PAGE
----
Estate Planning Tools to Transfer Assets – Special Needs Trusts

Estate planning helps make sure that your assets go to your desired beneficiaries after you pass away. These tools, such as gifts, wills, beneficiary designations, and trusts, are strategies that elder law attorneys use to create an estate plan.

This week we will discuss special needs trusts.

A special needs trust is a way to leave assets to a disabled person while preserving that person’s eligibility for public benefits such as Medicaid and Supplemental Security Income (a Social Security benefit). Assets left to a disabled person in this manner do not have to be spent down to $2,000 to maintain public benefits eligibility.

The funds in the special needs trust can pay for “extras,” or “special needs,” that would improve the disabled person’s quality of life, such as travel expenses, cell phone, cable television, tickets to the symphony or sporting events, and many other things not provided by public benefit programs. The disabled person retains the government benefits to pay for the basic necessities of life, such as certain services, food, and shelter.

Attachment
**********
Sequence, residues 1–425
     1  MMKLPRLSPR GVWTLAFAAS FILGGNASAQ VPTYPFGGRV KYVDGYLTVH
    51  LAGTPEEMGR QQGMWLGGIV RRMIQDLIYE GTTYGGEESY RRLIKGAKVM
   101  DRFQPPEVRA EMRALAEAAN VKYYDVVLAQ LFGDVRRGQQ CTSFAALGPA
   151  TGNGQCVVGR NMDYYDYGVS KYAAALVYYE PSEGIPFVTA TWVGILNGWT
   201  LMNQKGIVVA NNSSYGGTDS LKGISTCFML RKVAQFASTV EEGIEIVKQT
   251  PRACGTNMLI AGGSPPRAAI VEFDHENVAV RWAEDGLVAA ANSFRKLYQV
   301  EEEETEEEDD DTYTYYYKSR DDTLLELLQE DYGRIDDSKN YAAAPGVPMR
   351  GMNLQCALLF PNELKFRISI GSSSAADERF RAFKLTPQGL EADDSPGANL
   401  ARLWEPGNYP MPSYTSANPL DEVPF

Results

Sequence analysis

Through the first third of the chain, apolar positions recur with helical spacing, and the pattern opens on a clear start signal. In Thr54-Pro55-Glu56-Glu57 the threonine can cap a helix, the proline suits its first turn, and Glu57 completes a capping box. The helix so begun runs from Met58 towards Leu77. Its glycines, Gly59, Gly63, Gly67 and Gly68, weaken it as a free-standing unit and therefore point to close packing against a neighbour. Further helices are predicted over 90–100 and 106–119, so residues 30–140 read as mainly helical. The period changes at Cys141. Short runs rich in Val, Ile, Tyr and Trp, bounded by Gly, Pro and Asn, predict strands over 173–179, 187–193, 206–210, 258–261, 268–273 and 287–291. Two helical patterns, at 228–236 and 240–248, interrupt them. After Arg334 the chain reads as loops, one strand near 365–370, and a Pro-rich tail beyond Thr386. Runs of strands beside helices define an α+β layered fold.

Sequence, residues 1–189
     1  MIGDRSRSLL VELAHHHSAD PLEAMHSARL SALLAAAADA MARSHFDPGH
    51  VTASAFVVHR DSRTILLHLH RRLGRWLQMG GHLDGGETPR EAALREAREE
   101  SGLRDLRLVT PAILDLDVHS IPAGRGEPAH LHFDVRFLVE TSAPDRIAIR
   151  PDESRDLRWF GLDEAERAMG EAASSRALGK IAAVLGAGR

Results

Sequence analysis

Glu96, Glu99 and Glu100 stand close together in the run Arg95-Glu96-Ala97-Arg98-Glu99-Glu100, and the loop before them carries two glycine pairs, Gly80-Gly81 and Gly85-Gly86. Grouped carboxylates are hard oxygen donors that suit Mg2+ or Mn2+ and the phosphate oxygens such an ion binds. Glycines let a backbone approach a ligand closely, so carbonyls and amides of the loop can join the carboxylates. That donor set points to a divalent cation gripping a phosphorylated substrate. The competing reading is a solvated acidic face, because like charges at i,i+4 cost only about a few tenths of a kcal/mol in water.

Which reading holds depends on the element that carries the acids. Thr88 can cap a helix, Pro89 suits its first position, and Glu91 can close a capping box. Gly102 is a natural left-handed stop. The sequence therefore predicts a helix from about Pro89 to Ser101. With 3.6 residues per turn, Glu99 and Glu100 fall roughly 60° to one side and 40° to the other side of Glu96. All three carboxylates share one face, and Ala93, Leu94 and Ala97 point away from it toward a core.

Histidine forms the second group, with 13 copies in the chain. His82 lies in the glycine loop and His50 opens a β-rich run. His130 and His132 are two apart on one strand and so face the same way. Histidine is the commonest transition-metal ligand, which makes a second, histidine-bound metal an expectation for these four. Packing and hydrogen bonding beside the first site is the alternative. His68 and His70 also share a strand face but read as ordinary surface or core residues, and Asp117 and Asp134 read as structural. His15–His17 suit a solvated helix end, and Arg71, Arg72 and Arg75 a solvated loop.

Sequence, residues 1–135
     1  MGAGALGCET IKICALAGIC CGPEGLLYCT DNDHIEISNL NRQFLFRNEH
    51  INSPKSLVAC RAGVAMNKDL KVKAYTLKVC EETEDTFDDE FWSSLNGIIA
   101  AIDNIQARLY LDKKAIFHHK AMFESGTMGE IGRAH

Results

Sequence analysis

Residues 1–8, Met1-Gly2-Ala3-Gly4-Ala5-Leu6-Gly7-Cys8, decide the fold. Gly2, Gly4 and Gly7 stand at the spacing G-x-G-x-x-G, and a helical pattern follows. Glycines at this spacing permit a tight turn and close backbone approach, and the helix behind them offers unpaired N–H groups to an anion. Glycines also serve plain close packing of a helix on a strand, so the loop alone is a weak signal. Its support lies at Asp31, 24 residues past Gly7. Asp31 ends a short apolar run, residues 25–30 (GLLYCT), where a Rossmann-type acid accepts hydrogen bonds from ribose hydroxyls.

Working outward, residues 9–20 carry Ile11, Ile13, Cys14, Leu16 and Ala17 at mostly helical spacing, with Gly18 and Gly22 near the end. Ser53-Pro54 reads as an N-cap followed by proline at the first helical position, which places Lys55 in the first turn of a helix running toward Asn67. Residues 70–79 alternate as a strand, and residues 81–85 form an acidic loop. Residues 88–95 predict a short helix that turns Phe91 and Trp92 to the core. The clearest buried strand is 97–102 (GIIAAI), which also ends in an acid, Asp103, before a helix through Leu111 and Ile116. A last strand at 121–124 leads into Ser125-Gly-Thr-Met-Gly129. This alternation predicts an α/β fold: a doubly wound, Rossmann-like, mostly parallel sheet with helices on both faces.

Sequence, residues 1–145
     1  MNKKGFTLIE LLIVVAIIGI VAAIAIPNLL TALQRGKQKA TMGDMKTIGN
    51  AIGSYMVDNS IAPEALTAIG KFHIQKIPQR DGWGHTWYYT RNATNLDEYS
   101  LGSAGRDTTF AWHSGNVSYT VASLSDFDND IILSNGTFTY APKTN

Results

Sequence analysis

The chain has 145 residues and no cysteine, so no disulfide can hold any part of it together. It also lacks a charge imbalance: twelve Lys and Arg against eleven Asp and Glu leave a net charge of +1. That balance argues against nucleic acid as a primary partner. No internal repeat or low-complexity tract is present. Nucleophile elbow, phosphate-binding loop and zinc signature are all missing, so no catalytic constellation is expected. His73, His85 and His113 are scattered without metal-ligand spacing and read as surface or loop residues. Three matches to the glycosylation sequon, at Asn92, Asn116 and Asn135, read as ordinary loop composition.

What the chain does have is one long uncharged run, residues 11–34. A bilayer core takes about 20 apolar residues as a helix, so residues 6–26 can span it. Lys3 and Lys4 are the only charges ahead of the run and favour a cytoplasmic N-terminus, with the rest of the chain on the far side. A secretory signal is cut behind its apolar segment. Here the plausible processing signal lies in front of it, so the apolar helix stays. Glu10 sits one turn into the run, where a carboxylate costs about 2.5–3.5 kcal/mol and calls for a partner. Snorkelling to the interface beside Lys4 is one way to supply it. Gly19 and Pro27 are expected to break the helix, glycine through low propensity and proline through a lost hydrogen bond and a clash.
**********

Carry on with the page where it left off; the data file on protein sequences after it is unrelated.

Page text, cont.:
Some special needs trusts are created in a will or trust, usually by the parents of the disabled person as part of their estate plan. The parents specify that any bequest for the disabled child be held in a special needs trust. The parent selects a trustee, who has the responsibility to use the funds for the benefit of the disabled person.

A special needs trust can also be created with assets that the disabled person owns, or with proceeds from the settlement of a personal injury case. However, there are additional restrictions when the disabled person uses his or her own money to set up the trust. Illinois currently does not permit a person age 65 or older to use her own money to set up a special needs trust.

An inheritance left directly to a disabled person can actually worsen his or her quality of life by terminating public benefits. An inheritance left to a special needs trust for the benefit of the disabled person allows public benefits eligibility to be maintained, and establishes a fund to improve his or her quality of life.